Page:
The oversight board is made up of 20 members in total, including former prime minister of Denmark Helle Thorning-Schmidt, the former editor-in-chief of the Guardian newspaper Alan Rusbridger, legal scholars, human rights experts and journalists.
The board was created last year with the first four members chosen directly by Facebook. Those initial members then worked with the social media giant to select the others. Facebook pays the salaries of the oversight board members.
The social media giant was criticized when the makeup of its board was first announced last year with critics saying the so-called 'politically neutral' panel was swamped with left-wing luminaries.
Here are the 20 members:
Afia Asantewaa Asare-Kyei - A human rights advocate who works on women's rights, media freedom and access to information issues across Africa at the Open Society Initiative for West Africa.Insurance Loans Mortgage Attorney Credit Lawyer
Evelyn Aswad - A University of Oklahoma College of Law professor who formerly served as a senior State Department lawyer and specializes in the application of international human rights standards to content moderation issues
Endy Bayuni - A journalist who twice served as the editor-in-chief of The Jakarta Post, and helps direct a journalists' association that promotes excellence in the coverage of religion and spirituality.
Catalina Botero Marino, co-chair - A former U.N. special rapporteur for freedom of expression of the Inter-American Commission on Human Rights of the Organization of American States who now serves as dean of the Universidad de los Andes Faculty of Law.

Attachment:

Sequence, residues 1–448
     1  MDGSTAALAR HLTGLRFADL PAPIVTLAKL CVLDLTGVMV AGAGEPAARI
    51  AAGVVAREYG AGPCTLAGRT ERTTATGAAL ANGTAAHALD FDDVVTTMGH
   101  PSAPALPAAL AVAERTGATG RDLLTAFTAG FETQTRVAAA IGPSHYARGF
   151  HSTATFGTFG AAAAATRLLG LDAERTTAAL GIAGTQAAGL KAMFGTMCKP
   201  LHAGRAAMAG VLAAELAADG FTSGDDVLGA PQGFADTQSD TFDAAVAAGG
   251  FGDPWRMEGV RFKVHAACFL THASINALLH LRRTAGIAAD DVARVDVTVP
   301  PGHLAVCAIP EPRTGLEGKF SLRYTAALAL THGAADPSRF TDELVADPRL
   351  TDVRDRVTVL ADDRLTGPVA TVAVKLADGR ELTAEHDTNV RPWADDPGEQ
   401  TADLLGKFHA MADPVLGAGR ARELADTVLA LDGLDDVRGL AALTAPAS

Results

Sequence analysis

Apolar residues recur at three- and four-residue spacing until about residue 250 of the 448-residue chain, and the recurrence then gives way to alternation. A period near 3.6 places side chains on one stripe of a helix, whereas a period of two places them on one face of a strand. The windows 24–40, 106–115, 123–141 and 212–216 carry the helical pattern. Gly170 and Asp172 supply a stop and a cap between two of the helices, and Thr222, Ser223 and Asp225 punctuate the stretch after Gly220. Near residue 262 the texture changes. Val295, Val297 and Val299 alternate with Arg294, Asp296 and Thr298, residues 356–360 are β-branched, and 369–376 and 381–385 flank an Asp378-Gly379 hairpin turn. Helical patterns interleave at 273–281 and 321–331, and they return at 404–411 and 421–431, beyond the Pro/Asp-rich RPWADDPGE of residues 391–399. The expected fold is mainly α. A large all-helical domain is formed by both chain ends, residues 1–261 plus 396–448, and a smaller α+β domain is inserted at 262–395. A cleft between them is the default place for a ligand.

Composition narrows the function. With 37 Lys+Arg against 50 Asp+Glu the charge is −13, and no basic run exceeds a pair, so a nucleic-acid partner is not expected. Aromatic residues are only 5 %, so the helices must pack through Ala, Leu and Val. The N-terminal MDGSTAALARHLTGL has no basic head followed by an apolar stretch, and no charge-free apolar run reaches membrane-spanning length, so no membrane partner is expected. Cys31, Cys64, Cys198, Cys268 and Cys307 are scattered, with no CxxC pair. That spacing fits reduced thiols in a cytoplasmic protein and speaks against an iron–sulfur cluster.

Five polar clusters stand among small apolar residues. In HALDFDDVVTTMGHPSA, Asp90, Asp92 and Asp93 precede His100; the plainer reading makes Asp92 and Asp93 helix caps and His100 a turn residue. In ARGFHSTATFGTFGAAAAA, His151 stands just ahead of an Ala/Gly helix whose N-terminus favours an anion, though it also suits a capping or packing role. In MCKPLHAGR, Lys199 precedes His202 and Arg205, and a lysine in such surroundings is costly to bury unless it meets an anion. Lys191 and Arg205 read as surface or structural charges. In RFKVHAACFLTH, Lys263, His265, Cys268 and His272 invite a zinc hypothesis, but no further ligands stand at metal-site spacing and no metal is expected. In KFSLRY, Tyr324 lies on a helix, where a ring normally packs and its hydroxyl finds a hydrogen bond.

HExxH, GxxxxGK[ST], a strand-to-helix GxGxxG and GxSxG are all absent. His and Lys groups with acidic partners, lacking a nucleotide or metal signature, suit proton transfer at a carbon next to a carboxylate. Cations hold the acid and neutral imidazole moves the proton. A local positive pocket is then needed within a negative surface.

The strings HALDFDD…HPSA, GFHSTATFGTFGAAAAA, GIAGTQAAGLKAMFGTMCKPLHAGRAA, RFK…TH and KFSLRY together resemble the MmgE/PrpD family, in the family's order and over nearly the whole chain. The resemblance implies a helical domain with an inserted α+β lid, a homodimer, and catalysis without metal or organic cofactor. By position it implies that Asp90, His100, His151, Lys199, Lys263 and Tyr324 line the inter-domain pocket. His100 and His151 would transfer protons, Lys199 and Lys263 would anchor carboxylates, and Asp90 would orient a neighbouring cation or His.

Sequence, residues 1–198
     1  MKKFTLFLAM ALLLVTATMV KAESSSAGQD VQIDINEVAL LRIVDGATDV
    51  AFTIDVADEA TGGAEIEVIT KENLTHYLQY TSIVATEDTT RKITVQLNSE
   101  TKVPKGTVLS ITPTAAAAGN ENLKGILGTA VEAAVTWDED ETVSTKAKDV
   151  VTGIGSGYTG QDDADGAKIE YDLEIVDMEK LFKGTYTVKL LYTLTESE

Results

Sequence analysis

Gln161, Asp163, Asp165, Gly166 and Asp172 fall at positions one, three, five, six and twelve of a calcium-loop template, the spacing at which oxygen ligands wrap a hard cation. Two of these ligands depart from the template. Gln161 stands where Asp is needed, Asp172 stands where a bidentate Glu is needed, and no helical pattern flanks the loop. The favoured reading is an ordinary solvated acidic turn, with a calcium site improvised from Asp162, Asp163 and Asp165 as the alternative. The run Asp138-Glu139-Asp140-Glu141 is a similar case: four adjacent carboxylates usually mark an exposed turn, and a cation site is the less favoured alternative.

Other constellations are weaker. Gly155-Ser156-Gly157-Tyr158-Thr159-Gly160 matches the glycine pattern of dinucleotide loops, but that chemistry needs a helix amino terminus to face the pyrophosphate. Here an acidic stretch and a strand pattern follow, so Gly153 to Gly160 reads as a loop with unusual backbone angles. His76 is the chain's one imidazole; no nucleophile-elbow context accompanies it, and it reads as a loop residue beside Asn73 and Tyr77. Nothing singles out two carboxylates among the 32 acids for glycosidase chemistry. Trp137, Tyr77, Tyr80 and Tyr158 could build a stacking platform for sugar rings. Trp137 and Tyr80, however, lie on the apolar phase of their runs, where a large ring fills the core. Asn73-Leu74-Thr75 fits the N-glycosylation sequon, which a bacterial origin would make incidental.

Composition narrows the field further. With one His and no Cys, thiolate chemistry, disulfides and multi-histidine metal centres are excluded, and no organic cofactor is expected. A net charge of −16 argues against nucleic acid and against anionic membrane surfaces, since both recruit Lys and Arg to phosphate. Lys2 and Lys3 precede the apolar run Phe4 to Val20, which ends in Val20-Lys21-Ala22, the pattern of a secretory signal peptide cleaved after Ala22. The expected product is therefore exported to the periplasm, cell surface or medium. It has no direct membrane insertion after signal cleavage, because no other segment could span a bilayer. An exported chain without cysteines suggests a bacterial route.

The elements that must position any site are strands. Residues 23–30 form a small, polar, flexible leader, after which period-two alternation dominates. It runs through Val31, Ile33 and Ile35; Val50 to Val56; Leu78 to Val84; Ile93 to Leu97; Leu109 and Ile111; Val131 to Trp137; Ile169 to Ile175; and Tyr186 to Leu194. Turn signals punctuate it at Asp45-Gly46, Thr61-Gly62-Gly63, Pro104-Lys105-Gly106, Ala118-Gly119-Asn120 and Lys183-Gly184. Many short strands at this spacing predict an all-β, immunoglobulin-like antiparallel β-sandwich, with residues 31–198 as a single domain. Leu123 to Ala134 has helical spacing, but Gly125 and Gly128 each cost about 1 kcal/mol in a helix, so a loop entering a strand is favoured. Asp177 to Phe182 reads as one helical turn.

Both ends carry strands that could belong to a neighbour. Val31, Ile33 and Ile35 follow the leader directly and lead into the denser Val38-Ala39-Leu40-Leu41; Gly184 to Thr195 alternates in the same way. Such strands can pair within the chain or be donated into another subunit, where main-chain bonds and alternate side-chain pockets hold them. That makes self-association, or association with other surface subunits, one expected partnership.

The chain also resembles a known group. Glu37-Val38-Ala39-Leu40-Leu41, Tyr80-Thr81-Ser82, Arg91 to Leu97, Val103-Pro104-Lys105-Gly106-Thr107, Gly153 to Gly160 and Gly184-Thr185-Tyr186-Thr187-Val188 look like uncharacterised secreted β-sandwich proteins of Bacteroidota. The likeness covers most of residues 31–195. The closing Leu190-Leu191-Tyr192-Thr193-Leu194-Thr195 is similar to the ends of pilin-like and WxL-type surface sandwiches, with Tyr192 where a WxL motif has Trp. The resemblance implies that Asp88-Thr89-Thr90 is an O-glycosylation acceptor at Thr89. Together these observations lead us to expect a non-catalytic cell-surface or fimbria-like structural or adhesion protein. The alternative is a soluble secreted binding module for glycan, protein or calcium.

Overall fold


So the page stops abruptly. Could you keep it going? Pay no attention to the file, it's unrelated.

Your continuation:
Katherine Chen - A communications scholar at the National Chengchi University who studies social media, mobile news and privacy, and a former national communications regulator in Taiwan.
Nighat Dad - A digital rights advocate who offers digital security training to women in Pakistan and across South Asia to help them protect themselves against online harassment, campaigns against government restrictions on dissent, and received the Human Rights Tulip Award.
Jamal Greene, co-chair - A Columbia Law professor who focuses on constitutional rights adjudication and the structure of legal and constitutional argument.
Pamela Karlan - A Stanford Law professor and Supreme Court advocate who has represented clients in voting rights, LGBTQ+ rights, and First Amendment cases, and serves as a member of the board of the American Constitution Society. Karlan had been asked to describe the differences between a U.S. president and a king during Trump's impeachment hearing when she brought up the first son's name. 'The Constitution says there can be no titles of nobility, so while the president can name his son